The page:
The Elitist and a Bottle of Chuck’s
The Elitist and a Bottle of Chuck’s
We, my guy and I, had dinner with this couple a few months ago. Acquaintances more than deep social friends, but it was a nice evening. We met at a restaurant and decided to order a bottle of wine.
My guy and I are pretty easy to please. We enjoy a nice cab or Malbec, but our palates are not so refined that we require only the most elite wine on the menu.
After much discussion, they chose a bottle of Cabernet. I’m not a connoisseur of much, but I, generally, know what I like or don’t. I don’t know what they finally chose. In the world of wine, it wasn’t that expensive, maybe, $50.
The bottle arrived. There was much swirling, sniffing, and sipping before approval was given for the rest of us to be served.
It was nice. It tasted like . . . wine.
The conversation, then, settled on different wines– their prices, country of origin, and our preferences. Our dinner friends had evidently experienced some exceptional wines in their time and– quite loftily– knew a great deal about wines in general.
I, on the other hand, know wine comes from grapes. That’s not to say, I haven’t had some mighty fine wines in the past. Expensive wines. Wines that were probably wasted on my pathetic palate.
But, regardless, who spends $100 for a bottle of cab to drink with pot roast or hamburgers? Okay. Rich people. Or maybe, less-than-smart people.
I’ve bought box wine that tasted just as good as a $30 bottle. The Malbec you see above and below are both quite good.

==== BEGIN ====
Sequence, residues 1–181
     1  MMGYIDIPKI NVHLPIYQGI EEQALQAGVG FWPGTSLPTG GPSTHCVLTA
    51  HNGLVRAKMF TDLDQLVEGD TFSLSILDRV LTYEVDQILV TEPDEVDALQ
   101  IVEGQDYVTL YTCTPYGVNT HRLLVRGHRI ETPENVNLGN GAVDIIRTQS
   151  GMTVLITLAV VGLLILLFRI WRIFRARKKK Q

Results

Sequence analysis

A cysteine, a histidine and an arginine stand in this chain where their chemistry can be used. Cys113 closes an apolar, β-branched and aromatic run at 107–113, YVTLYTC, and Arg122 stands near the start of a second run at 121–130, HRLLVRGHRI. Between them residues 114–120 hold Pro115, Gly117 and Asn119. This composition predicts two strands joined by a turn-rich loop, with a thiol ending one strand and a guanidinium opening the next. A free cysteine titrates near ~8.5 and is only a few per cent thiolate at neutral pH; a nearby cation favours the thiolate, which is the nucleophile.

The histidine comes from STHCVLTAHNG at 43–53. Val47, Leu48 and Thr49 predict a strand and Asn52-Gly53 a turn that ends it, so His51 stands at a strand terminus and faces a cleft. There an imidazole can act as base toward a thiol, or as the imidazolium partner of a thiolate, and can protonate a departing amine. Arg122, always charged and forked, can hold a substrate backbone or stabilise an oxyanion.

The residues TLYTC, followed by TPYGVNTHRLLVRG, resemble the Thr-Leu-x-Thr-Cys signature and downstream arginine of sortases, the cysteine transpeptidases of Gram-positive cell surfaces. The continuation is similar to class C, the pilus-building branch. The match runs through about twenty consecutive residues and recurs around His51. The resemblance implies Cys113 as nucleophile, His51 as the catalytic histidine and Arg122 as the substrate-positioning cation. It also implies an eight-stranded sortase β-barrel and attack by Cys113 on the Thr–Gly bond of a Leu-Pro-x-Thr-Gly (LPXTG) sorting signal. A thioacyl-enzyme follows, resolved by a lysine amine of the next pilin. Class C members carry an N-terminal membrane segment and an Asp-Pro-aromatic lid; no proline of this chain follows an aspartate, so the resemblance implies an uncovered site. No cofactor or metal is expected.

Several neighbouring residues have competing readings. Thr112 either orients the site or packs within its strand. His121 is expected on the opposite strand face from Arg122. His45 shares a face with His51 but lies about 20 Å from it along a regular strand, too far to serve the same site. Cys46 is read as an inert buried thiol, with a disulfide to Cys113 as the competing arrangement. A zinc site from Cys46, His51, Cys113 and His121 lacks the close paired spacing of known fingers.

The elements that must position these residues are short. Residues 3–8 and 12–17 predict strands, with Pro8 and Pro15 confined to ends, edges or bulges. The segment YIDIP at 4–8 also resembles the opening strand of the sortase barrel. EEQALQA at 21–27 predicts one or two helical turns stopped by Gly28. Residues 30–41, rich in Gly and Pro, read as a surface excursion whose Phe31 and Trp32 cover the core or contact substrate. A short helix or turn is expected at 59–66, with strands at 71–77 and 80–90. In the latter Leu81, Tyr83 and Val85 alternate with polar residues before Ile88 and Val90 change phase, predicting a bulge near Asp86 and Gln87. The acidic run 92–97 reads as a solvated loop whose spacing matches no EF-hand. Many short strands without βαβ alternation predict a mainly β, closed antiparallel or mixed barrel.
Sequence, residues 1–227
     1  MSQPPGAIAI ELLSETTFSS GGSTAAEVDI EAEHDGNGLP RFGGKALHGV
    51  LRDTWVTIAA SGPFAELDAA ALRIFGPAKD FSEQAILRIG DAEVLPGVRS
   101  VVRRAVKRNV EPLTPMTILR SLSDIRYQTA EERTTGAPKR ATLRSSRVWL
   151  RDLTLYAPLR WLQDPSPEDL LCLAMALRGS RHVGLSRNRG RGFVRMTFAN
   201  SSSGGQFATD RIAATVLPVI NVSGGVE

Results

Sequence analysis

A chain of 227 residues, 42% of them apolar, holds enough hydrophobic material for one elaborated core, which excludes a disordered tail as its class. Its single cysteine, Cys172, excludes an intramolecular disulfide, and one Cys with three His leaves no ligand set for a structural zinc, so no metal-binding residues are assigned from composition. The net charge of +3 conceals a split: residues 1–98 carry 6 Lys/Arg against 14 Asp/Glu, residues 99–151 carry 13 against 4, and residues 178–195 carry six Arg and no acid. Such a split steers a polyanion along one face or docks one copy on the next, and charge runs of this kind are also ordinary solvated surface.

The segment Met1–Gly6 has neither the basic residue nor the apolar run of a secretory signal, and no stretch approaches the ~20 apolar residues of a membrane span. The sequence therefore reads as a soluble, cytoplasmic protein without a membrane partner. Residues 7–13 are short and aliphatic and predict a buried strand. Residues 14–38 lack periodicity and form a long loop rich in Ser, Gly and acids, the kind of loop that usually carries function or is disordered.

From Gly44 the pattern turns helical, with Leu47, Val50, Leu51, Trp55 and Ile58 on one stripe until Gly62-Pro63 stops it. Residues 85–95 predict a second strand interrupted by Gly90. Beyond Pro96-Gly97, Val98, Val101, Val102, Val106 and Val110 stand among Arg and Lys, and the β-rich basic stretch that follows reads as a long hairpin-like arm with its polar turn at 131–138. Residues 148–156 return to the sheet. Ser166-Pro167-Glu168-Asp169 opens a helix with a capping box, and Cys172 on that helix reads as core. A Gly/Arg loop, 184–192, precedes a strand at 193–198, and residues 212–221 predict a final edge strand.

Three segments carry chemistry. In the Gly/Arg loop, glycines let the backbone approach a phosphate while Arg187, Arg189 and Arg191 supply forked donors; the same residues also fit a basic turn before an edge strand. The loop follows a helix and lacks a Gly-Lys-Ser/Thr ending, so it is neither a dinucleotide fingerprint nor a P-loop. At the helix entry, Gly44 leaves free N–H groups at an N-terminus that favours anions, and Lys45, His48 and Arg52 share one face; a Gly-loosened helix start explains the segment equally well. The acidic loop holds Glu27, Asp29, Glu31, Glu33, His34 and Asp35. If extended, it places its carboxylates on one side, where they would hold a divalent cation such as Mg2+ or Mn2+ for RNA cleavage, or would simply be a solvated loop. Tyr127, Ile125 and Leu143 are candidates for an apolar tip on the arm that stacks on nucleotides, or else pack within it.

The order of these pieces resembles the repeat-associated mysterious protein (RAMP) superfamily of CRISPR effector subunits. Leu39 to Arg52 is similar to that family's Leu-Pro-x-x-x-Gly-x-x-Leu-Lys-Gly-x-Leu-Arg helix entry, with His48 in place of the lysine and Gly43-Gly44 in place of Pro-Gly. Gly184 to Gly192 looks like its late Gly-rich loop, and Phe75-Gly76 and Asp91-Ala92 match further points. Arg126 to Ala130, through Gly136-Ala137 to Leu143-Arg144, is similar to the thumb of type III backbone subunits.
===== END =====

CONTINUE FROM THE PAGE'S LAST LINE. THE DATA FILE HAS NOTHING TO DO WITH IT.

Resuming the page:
I’ve bought a few– which I’ll never buy again– that tasted like vinegar.
I’ve bought Two Buck Chuck, by Charles Shaw, at Trader Joe’s. There are various stories of how this wine came to be, but for an every day wine, it’s not bad. It no longer costs $2. The last time I was there, it was $3. It’s an okay wine, certainly worth more than $3. It’s biggest problem, to me, is inconsistency. I’m told that Chucky buys batches of grape juice to make their wine, so quality varies from one shipment to the next.
I mentioned this wine to our wine aristocrats at dinner. My guy, the ever loving man that he is, supported my comments. The aristocrats had never heard of Chucky. Of course.
The thing is this . . . yes, there are differences in quality and genuine differences deserve compensation, but, somehow, it seems to be an epidemic of superiority. Bottled water has become superior to other water. There’s artisanal water. Artisanal bread, or cheese, or entire restaurants. There you can eat artisanal oysters for $3.50 each. Do you know what artisanal means? Made by a manual laborer. Ah, the power of self-deception.
We’ve become saturated with over-priced crap that’s really not better in quality that regular-priced crap.
Don’t think I’m cheap. I just like what I buy to live up to it’s promises. Very little does.
We have a coffee pot that makes outstanding coffee. I researched coffee pots. I learned that for a good cup of coffee the water has to reach a certain temperature (195-205 degrees) and stay there for a certain period of time to allow the water to flow through the filter for a certain period of time (5-6 minutes). I found $800 coffee pots. I found $30 pots. The one with the best rating cost $150. We’ve used it six months and it does, indeed, make great coffee.
It was a brand I’d never heard of, but this is what it looks like and you can find one HERE
After dinner, we all walked to our cars in the parking lot. My guy and I happened to have dropped in Trader Joe’s before dinner. He pulled a bottle of Two Buck Chuck from the trunk and offered it to the husband. His wife looked on and said, ‘Oh, honey, we had that the other night at the Smith’s. It was really good. Remember?’